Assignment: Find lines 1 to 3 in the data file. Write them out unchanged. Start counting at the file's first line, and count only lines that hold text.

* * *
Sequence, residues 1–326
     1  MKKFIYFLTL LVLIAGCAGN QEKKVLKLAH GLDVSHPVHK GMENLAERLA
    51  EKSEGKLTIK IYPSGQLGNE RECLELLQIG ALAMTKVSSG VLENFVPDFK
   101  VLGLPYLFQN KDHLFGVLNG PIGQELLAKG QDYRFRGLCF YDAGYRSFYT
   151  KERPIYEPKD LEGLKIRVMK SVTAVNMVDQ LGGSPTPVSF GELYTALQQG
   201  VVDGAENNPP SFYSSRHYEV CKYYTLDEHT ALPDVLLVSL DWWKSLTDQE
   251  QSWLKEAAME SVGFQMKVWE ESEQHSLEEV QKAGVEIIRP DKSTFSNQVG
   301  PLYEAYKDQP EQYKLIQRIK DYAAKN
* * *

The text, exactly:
Sequence, residues 1–326
     1  MKKFIYFLTL LVLIAGCAGN QEKKVLKLAH GLDVSHPVHK GMENLAERLA
    51  EKSEGKLTIK IYPSGQLGNE RECLELLQIG ALAMTKVSSG VLENFVPDFK